After succeeding his father in 997, Stephen had to fight for the throne against his relative, Koppány, who was supported by large numbers of pagan warriors. He defeated Koppány with the assistance of foreign knights including Vecelin, Hont and Pázmány, and native lords. He was crowned on 25 December 1000 or 1 January 1001 with a crown sent by Pope Sylvester II. In a series of wars against semi-independent tribes and chieftains—including the Black Hungarians and his uncle, Gyula the Younger—he unified the Carpathian Basin. He protected the independence of his kingdom by forcing the invading troops of Conrad II, Holy Roman Emperor, to withdraw from Hungary in 1030. ( Full article...)

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Emblem of the Hungarian Defence Forces

The Hungarian Defence Forces ( Hungarian: Magyar Honvédség) is the national defence force of Hungary. Since 2007, the Hungarian Armed Forces is under a unified command structure. The Ministry of Defence maintains the political and civil control over the army. A subordinate Joint Forces Command is coordinating and commanding the HDF corps. In 2020, the armed forces had 22,700 personnel on active duty. In 2019, military spending was $1.904 billion, about 1.22% of the country's GDP, well below the NATO target of 2%. In 2016, the government adopted a resolution in which it pledged to increase defence spending to 2.0% of GDP and the number of active personnel to 37,650 by 2026.

Military service is voluntary, though conscription may occur in wartime. In a significant move for modernization, Hungary decided in 2001 to buy 14 JAS 39 Gripen fighter aircraft for about 800 million EUR. Hungary bought two used Airbus A319 and two Falcon 7X transport aircraft. Three C-17 III Globemaster transport aircraft are operating from Pápa Air Base under Hungarian nationality mark but are maintained by the NATO Heavy Airlift Wing (HAW). In 2017 Hungary signed a contract to buy 20 new Airbus military helicopters and ground attack bombs for the Gripens. Hungarian National Cyber Security Center was re-organized in 2016. ( Full article...)

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Béla BartókJános BihariErnő DohnányiBéni EgressyFerenc ErkelZoltán KocsisZoltán KodályFranz Liszt - Eugene Ormandy - George Szell - András Schiff

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Gyula BenczúrTivadar Csontváry KosztkaBéla CzóbelÁrpád FesztyKároly LotzViktor MadarászMihály MunkácsyJózsef Rippl-RónaiPál Szinyei MerseIstván SzőnyiVictor Vasarely

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BrassaïCornell CapaRobert CapaLucien HervéAndré KertészLászló Moholy-NagyMartin Munkácsi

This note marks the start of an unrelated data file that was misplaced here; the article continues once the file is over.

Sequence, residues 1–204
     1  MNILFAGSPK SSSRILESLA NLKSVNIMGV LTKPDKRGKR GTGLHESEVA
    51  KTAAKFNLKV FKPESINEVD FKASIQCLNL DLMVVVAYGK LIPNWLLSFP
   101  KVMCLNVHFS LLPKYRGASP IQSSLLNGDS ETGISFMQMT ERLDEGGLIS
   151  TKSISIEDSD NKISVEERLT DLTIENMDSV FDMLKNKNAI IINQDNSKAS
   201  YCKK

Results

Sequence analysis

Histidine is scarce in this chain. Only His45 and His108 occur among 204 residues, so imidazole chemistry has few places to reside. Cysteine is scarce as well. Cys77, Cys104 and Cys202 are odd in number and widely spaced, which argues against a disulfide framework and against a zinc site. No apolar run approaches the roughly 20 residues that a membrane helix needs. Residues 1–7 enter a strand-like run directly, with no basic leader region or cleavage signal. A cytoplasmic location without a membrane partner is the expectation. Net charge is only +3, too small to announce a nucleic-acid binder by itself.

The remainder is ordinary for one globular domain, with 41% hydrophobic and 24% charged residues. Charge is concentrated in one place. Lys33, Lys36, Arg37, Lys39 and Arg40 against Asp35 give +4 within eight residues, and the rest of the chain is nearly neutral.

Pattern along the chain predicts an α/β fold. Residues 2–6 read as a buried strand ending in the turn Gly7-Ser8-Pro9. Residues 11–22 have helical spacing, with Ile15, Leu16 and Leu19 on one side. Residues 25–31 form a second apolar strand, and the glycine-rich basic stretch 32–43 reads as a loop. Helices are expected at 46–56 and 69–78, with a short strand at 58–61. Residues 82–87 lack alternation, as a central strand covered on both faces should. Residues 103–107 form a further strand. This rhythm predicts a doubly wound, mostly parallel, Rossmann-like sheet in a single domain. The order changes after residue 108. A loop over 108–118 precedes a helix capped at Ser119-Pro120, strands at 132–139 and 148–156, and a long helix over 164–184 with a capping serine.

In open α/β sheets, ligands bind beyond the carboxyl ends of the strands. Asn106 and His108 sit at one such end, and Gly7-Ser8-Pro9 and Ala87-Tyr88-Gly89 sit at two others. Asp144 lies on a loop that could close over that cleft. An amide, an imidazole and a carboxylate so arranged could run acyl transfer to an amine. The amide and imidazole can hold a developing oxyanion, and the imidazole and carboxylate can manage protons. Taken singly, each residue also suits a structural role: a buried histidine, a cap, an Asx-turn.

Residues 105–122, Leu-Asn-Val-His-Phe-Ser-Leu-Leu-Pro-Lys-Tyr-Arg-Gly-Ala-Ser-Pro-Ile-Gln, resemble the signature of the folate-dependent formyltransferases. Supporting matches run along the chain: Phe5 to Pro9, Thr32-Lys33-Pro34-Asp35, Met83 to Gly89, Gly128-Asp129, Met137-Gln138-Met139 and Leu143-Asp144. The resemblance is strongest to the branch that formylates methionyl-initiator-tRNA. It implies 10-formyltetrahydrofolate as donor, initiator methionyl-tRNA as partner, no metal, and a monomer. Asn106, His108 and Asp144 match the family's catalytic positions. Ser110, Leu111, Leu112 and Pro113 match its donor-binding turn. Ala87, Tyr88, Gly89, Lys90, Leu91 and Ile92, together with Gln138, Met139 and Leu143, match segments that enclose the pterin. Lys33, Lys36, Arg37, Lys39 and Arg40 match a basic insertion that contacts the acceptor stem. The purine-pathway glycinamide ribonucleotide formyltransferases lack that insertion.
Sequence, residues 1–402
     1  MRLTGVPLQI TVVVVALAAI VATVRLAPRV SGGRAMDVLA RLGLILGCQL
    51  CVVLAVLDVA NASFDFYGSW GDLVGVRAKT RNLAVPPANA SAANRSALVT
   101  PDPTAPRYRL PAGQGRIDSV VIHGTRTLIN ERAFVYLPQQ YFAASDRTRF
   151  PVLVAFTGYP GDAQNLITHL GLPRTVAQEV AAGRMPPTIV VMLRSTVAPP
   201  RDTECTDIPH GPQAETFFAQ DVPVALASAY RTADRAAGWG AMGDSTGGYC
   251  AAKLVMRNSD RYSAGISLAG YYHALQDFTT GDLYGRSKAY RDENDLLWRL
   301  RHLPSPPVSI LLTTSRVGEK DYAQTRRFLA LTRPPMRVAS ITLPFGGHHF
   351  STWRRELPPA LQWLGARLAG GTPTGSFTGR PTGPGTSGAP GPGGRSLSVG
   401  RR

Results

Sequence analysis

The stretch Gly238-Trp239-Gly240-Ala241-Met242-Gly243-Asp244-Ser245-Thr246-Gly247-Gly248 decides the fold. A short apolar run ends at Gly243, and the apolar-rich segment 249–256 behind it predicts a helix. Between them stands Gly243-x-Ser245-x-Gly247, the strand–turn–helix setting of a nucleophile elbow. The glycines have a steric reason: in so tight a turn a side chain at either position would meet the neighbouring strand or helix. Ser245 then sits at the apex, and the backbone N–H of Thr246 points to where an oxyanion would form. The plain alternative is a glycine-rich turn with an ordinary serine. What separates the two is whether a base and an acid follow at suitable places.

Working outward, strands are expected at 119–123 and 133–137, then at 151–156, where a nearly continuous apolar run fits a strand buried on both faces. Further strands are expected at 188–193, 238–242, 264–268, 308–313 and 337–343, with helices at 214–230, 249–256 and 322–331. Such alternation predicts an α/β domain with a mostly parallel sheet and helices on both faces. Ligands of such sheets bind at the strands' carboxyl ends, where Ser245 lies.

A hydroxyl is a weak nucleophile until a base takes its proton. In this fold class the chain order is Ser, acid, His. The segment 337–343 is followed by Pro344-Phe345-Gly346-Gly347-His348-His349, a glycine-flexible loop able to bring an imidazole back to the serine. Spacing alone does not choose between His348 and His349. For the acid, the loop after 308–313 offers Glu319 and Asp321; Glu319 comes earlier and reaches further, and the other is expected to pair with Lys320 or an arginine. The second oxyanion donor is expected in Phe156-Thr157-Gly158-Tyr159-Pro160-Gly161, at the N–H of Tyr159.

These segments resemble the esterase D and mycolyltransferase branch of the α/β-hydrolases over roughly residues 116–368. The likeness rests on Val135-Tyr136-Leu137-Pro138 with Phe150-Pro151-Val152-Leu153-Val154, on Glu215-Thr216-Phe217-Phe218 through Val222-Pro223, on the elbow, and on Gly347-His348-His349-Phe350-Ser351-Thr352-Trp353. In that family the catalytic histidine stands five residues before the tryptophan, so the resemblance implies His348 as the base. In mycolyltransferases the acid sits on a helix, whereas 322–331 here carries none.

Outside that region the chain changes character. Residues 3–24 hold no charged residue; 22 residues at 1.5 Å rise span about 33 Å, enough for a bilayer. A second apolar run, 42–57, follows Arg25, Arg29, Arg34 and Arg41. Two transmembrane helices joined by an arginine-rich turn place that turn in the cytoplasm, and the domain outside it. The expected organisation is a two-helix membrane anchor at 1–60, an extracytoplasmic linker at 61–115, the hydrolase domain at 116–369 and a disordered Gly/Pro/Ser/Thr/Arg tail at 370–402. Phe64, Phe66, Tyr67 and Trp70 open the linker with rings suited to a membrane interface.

• Scientists

Béla H. BánáthyZoltán BayGeorg von BékésyFarkas BolyaiJános BolyaiKároly BundJózsef EötvösLoránd EötvösDennis GaborJohn Charles HarsanyiGeorge de HevesyAlexander Csoma de KőrösLászló LovászJohn von NeumannGeorge Andrew OlahErnő RubikHans SelyeIgnaz SemmelweisCharles SimonyiJános SzentágothaiAlbert Szent-GyörgyiLeó SzilárdEdward TellerEugene Wigner

  • Writers and poets

Endre AdyJános AranyJózsef EötvösGyörgy FaludyBéla HamvasMór JókaiAttila JózsefFerenc KazinczyImre KertészJános KodolányiFerenc KölcseyImre MadáchSándor MáraiFerenc MolnárSándor PetőfiMiklós RadnótiMagda SzabóAntal SzerbMiklós VámosMihály Vörösmarty

  • Statesmen, Politicians and Military

Gyula AndrássyLajos BatthyányGabriel BethlenStephen BocskayMatthias CorvinusFerenc DeákMiklós HorthyLajos KossuthFerenc NagyImre NagyBertalan SzemereIstván SzéchenyiMiklós WesselényiVilmos Nagy of Nagybaczon

  • Sportspeople

József BozsikKrisztina EgerszegiZoltán GeraDezső GyarmatiÁgnes KeletiPéter LékóCsaba MérőTibor NyilasiLászló PappJudit PolgárZsuzsa PolgárFerenc Puskás

  • Film & Stage

Nimród AntalMichael CurtizJohn GarfieldMiklós JancsóSir Alexander KordaPeter LorreBéla LugosiEmeric PressburgerMiklós RózsaAndy G. VajnaGábor Zsazsa

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The Báthory coat-of-arms
Stephen Báthory of Ecsed ( Hungarian: Báthory István, pronounced  [ˈbaːtori ˈiʃtvaːn]; Romanian: Ștefan Báthory; 1430–1493) was a Hungarian commander, 'dapiferorum regalium magister' (1458–?), judge royal (1471–1493) and voivode of Transylvania (1479–1493). He rose to power under King Matthias Corvinus of Hungary and after the king's death sided with Vladislav Jagiellon of Bohemia and later together with Pál Kinizsi defeated Prince John Corvin in the Battle of Csonthegy (1493). As a result of his cruelty in Transylvania, especially against the Székelys, he was deposed by the King in 1493 and died shortly afterwards. ( Full article...)